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Google To Pay €300,000 Fine for Privacy Violations to a French Agency

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Google To Pay €300,000 Fine for Privacy Violations to a French Agency

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France’s National Commission on Computing and Freedom (CNIL) threatened Google with a €300,000 fine due to the company’s lack of compliance with a June decision aimed at protecting users’ private data. The French agency that regulates information technology says Google had not satisfactorily responded to its June decision giving the company three months to be more upfront about the data it collects from users.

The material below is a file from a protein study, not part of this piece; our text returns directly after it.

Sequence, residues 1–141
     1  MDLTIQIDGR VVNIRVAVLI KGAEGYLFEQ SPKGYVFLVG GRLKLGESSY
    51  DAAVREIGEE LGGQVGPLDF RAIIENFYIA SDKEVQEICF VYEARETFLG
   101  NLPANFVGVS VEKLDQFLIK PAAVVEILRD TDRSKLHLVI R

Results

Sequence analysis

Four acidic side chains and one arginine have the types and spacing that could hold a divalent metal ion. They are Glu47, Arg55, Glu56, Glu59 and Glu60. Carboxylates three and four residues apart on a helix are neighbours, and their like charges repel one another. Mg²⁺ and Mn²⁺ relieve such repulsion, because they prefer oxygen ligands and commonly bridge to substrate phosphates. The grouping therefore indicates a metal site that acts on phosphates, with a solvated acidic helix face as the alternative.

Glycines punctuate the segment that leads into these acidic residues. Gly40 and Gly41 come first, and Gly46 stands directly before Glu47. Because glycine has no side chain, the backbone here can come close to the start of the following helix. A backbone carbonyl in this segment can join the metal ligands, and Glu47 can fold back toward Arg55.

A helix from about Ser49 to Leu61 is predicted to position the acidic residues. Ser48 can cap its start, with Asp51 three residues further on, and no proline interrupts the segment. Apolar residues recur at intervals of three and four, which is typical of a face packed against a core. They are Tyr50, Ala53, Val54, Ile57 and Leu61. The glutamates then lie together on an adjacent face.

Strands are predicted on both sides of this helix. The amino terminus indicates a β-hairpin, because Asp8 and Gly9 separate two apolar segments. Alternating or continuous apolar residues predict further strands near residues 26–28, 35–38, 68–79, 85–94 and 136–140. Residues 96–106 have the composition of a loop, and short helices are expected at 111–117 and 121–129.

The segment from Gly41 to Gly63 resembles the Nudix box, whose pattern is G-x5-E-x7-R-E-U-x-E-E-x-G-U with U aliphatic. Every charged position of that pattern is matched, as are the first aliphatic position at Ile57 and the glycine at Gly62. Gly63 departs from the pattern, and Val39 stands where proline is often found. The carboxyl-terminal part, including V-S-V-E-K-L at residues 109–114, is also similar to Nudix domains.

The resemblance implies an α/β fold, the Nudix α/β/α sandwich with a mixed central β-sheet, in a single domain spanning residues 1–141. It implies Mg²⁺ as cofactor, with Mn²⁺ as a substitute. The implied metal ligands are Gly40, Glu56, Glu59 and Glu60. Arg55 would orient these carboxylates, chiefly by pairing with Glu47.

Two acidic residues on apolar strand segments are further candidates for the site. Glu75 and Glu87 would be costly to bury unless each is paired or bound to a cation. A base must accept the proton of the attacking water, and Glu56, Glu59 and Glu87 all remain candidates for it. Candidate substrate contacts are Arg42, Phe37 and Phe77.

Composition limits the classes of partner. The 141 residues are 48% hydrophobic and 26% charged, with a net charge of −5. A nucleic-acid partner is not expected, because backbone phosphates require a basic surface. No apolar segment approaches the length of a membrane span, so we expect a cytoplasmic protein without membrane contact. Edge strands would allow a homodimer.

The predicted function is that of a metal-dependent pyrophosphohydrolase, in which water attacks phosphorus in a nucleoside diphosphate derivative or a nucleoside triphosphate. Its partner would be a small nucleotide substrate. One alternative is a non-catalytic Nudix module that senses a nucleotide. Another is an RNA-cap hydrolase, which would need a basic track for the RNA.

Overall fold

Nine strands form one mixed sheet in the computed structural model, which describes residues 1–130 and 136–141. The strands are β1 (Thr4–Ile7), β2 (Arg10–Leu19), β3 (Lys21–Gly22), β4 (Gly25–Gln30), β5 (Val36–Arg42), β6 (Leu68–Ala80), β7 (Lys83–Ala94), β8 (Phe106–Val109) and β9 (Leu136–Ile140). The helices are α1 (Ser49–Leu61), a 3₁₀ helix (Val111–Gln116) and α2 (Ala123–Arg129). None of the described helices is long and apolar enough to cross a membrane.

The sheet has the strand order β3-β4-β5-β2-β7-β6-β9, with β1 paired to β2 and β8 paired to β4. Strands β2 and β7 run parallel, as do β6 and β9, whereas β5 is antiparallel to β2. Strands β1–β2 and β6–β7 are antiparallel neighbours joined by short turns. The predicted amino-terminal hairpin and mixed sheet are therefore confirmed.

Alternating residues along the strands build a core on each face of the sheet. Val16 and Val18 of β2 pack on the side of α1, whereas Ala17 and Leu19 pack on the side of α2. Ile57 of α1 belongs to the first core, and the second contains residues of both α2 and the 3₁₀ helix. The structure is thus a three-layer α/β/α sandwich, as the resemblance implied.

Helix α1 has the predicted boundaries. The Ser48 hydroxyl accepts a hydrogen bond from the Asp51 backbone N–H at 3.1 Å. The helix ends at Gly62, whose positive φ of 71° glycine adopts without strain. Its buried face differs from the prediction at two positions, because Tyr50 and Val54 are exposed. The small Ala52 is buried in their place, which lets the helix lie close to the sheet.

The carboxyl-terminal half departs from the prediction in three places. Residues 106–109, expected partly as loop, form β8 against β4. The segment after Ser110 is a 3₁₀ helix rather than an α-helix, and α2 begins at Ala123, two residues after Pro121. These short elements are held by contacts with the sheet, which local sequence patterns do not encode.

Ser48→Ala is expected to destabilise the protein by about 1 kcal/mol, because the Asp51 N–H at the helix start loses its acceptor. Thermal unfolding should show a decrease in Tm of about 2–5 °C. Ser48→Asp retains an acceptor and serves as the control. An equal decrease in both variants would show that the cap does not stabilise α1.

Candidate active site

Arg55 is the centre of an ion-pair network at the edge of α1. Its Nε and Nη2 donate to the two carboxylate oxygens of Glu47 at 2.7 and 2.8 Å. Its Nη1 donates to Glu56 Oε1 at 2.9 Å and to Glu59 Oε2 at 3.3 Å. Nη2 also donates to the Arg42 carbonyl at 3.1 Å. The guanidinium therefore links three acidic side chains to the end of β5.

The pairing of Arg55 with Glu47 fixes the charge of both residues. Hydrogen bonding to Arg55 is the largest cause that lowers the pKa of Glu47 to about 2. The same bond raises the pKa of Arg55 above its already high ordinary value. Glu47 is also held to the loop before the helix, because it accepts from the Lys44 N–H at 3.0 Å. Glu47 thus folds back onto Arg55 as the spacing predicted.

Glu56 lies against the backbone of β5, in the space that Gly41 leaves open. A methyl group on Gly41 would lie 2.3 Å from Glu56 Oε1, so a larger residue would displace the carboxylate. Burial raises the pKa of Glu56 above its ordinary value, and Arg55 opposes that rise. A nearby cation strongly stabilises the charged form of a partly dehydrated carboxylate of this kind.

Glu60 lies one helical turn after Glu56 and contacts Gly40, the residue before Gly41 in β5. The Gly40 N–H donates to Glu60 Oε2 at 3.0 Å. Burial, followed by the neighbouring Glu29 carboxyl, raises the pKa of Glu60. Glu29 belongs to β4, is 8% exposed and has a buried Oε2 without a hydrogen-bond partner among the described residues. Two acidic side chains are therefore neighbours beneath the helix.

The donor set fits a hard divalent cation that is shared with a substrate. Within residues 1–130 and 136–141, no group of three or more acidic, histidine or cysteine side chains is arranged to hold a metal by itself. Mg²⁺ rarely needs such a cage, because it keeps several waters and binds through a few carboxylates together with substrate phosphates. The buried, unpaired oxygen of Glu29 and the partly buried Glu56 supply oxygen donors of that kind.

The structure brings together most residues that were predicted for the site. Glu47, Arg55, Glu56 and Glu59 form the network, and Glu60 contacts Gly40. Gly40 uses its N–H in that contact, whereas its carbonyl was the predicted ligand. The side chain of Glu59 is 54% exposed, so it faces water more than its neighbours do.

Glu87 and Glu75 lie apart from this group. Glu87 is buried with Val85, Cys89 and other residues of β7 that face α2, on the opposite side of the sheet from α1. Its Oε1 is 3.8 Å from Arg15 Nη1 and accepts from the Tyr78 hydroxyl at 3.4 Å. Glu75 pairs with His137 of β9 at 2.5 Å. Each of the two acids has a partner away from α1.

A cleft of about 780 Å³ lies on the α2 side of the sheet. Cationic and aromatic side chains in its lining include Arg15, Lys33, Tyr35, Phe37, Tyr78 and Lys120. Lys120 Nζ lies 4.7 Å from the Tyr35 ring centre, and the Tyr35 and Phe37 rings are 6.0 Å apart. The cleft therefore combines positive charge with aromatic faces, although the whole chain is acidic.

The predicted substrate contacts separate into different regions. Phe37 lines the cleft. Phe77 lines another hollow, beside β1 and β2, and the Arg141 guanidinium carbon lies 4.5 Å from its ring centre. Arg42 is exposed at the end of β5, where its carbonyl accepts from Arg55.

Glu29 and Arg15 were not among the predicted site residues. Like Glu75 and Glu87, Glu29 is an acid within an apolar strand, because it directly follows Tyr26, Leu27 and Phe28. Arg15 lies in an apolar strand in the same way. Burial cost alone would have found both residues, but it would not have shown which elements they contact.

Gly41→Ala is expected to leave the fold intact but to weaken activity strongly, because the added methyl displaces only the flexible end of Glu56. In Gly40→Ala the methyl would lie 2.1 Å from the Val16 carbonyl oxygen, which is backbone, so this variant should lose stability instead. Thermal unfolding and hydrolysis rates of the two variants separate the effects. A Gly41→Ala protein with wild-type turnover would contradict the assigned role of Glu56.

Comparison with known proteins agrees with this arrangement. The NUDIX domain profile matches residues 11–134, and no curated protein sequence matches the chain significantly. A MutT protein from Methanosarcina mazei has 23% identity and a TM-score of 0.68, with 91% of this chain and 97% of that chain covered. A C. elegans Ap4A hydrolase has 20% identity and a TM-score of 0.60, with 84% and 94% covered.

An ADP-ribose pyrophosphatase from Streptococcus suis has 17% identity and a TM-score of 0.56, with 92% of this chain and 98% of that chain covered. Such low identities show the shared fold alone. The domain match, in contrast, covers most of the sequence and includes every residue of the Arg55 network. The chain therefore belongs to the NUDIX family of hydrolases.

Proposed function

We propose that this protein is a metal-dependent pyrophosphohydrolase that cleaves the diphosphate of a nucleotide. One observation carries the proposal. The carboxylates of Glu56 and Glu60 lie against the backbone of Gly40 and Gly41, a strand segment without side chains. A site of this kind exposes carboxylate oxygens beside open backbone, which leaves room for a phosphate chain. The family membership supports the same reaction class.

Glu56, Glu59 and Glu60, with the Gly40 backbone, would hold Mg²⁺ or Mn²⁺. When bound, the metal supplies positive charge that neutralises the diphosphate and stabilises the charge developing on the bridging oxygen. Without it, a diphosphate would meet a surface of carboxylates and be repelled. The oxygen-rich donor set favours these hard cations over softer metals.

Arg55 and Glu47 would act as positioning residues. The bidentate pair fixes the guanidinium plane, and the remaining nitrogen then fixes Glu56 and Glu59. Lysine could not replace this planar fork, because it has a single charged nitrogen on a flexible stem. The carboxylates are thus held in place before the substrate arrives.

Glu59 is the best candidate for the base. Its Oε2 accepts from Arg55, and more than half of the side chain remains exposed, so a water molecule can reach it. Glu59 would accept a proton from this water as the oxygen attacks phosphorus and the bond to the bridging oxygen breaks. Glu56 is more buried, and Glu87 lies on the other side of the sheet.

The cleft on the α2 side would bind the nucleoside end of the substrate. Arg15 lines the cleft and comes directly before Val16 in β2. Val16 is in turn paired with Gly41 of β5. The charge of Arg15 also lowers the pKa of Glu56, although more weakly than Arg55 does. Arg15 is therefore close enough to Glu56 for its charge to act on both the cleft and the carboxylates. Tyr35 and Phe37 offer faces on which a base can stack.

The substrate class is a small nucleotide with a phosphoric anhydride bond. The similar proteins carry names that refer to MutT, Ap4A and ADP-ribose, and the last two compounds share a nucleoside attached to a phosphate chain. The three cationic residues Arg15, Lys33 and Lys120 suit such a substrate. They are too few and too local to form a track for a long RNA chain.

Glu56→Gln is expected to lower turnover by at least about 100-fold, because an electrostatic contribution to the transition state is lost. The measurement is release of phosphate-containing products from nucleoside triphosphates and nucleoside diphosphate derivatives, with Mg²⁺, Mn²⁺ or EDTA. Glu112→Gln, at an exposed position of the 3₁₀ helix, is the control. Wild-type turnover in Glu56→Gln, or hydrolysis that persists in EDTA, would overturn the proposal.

In a statement Friday, France’s National Commission on Computing and Freedom, known as CNIL, said:

Google hasn’t made requested changes, including specifying to users what it uses personal data for, and how long it’s held. CNIL said it will now launch formal sanction proceedings, a process that could take months.

On the other hand, Google spokesman Al Verney said:

Our privacy policy respects European law and allows us to create simpler, more effective services. We have engaged fully with CNIL throughout this process and will continue to do so going forward.”

The National Commission on Computing and Freedom said five other European countries are also taking similar steps in a staggered offensive against Google’s privacy policy between now and the end of July. It said Google has largely ignored earlier recommendations from European regulators. Similar actions are underway in Spain, Germany, Britain, Italy and Netherlands.

 

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Preetish Gumber
Preetish Gumber
iGyaan's New Brain key, Conceptual thinker, Work horse, Photography lover and tech writer catch him on Google Plus : Google+
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